Do you have an animal friend in your life? They can help you make even more friends!

Contributing Columnist

Do you have an animal friend in your life?

If you don’t, I’ll tell you one of the most rewarding experiences pet lovers discover when they bring a cat or dog into their lives: They start to make new friends in their neighborhood. Of course, dog walking instantly makes us more visible, but even cats have a way of making new connections across a community.

Here’s how my cat PJ wound up making those connections.

This happened two months after my home in Binghamton, New York, was devastated by a flood, sending both of us—me and PJ—fleeing from our house on that dreadful evening. My friend Anita had insisted we come to live in her building where she knew there was an empty apartment below hers.

Anita had a real phobia about cats, so I was extremely grateful that she welcomed PJ. PJ seemed to be adjusting just fine—until that Thursday afternoon when I came home from work.  He was not at the door to greet me as he always was.  I became a bit anxious so quickly entered the apartment hoping to find him asleep on the sofa, his favorite place when he was home alone.

He was not on the sofa so I checked closets.

He was not there so I checked behind all of my furniture.

After fifteen minutes of searching, I called Diane, a deacon from Northminster Presbyterian Church where I worked as Pastor of Visitation. I had thirty seniors I visited monthly and Diane had accompanied me in visits that were complicated.  Such was the case with several seniors with Alzheimers.  Diane was a cat lover and had a sign in her yard, “Cats Welcome Here.”  She had visited me and PJ and PJ took an immediate liking to her.

When I called with the news that PJ was missing, she was there in ten minutes to help me search.  After scouring my apartment she said, “We have to make signs and post them in the neighborhood.  We sat together and designed a sign that said:  “Lost Cat:  PJ.  A small beige cat.  Call Lucille (and my phone number).  Reward.”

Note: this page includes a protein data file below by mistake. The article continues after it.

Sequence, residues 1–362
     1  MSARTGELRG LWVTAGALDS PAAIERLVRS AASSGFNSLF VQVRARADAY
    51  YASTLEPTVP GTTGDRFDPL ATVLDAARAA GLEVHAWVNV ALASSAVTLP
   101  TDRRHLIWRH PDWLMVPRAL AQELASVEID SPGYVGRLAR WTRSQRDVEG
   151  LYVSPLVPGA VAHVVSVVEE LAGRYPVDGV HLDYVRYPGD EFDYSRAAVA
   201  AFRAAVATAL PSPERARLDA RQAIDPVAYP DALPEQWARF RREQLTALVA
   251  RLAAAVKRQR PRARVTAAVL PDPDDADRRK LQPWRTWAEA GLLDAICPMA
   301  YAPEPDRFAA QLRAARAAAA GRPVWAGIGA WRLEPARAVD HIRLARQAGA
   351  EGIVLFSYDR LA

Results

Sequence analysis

We rushed to the neighborhood printer to make 30 signs.  Then we set out in the neighborhood to post the signs wherever we could find an appropriate spot.  We also gave signs to people we met on the street.

After two hours on the street, Diane left and I started calling people.  I called my pastor at the Methodist Church and he immediately put PJ on the prayer list.  Diane put him on the Presbyterian prayer list.  I called my relatives in Canada and my son and his wife, Soren and Amanda, who lived in Washington, DC.  They had given me PJ as a house warming gift one year ago.

PJ’s real name was Panama Jack, the Third.  Both his father and grandfather were named Panama Jack.  The breed was Tomkinese which is both Siamese and Burmese.  While he looked Siamese, his personality was gentle and loving like Burmese.

The next day Soren told me that he and Amanda cried the night before, crying for me and PJ.  Soren also bought a service that put a message about PJ on 250 telephones in my neighborhood.  That night my cousin, Twila, from Pennsylvania called me and said, “If PJ does not come back, I will give you Lucky, a wonderful cat that just appeared in their yard about six months ago.”  While I did not want to think about PJ not coming back, her call and her offer were soothing.

The next evening Twila came to help me search for the cat.  We went all around the neighborhood, asking everyone if they had seen PJ.  We looked in garages—which was not really wise in retrospect, but no one seemed to object.

On Thursday morning, however, Anita received a call from the neighbors next door and they said that a small beige cat was at their door and they took him to the basement.  Anita and I hurried over with the cat carrier and there he was.  He immediately came to me and we carried him home.  He was not interested in food and water; he just wanted to be held.  I lay on my sofa and he crawled on top of me and put his paw on my cheek.  He had never done this before.  I knew he was telling me he was happy to see me.

After a while I started calling friends and family telling them that he was home.  Some of them cried for joy with me.  I called the churches who had him on their prayer list and they rejoiced with me.  On Sunday I went to church and at announcement time I reported that PJ was found.  They clapped and clapped.

As I was driving home from church, tears of joy fell on my face.  Joy because I would see PJ.  And  joy for all the love given to me from all of these friends, family and churches.



Care to Read More?

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Lucille Sider inspires readers nationwide with Light Shines in the Darkness, her memoir about spiritual resilience in the aftermath of life-shattering trauma. Now, she is publishing a series of columns about the many ways men and women find themselves confronting trauma every day. Here are some of her earlier columns:




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